Parent Teacher Association-District 26 of NE Kentucky

PTA. everychild.onevoice.

Advocacy 

 
 
February in Frankfort!
 
 
 
 
 
 
 
 What is Advocacy?

      "Anyone who speaks up for another with his/her best interest at heart is an advocate," states District 26 PTA President, Brenda Martin.  PTA is an advocate for children and their families on a wide variety of child-related issues in the areas of education, health, well being, and parent involvement. The purpose of advocacy is to communicate with decision makers to inform, educate, persuade or increase the level of awareness about an issue.  Decision makers include elected and appointed officials, legislative bodies, school boards, SBDM Councils, principals, teachers, parents, grandparents, students and community leaders.  These are some tips:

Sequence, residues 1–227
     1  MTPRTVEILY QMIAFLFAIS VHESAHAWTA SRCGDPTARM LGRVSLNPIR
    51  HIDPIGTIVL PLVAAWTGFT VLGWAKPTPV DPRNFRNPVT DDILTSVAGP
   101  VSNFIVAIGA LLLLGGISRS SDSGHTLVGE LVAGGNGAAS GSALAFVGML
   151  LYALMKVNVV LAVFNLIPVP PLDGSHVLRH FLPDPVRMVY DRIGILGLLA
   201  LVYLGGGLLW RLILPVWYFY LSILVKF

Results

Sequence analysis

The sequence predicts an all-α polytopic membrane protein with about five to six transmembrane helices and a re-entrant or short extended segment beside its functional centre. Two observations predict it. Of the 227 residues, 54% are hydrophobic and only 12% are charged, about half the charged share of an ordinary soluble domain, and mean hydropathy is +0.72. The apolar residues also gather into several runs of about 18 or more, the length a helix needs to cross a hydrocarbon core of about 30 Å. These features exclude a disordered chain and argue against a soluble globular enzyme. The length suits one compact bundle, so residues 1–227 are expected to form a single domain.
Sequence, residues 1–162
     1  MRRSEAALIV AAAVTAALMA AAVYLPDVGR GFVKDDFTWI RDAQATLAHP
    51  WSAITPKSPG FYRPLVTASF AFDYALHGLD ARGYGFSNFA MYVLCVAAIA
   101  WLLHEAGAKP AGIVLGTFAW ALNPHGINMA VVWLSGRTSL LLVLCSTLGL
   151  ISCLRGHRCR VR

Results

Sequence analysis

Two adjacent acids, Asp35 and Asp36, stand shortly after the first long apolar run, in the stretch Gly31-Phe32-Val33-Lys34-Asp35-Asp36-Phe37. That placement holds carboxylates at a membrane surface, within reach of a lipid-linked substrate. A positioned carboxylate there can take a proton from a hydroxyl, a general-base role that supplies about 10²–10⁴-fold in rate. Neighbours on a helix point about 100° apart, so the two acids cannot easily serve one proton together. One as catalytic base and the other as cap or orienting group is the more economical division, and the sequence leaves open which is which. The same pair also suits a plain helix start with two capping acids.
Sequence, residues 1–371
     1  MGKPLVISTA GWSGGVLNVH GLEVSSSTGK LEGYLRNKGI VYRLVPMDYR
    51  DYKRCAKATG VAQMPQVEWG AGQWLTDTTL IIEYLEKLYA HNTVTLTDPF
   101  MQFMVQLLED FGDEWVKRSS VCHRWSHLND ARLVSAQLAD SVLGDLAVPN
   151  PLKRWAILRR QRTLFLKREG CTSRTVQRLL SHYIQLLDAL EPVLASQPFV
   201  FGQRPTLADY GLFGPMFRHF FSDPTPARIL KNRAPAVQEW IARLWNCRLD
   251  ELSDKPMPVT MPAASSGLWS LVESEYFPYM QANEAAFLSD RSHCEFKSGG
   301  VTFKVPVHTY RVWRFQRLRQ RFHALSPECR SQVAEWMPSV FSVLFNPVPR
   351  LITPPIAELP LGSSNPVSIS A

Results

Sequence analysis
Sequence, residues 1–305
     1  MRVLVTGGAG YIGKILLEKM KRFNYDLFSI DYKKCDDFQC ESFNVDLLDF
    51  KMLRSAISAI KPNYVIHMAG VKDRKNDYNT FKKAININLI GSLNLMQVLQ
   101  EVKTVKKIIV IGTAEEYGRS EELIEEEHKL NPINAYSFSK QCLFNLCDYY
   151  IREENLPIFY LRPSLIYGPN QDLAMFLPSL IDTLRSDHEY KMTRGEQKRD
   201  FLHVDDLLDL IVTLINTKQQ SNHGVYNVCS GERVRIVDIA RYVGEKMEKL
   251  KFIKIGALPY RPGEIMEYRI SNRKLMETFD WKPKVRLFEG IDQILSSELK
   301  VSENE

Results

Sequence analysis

• Keep informed about the issues
  • Choose issues important to your membership, or district/state/national PTA
  • Build support of members for your cause
  • Learn to work together patiently
  • Don't gossip.  Go to the source with openness. Focus on task. Focus on Children!
  • Recruit new and diverse members
  • Take healthy risks. If something doesn't go well, learn from it and move forward!
  • Retain your commitment to change
  • Access National PTA's Advocacy Toolkit
  • Access National PTA's Resolutions Toolkit

How are PTA positions developed? All PTA positions are derived from voted positions. The Kentucky PTA Legislative Platform and resolutions are approved each year by delegates at annual convention. Each local PTA/PTSA in good standing is entitled to be represented at the annual convention of the Kentucky PTA by its president, or alternate; and one (1) additional delegate for every twenty-five (25) members or a major fraction thereof. All legislation supported or opposed by the Kentucky PTA is based on the voted positions of the Kentucky and National PTA.

PTA: A Voice for All Children and Youth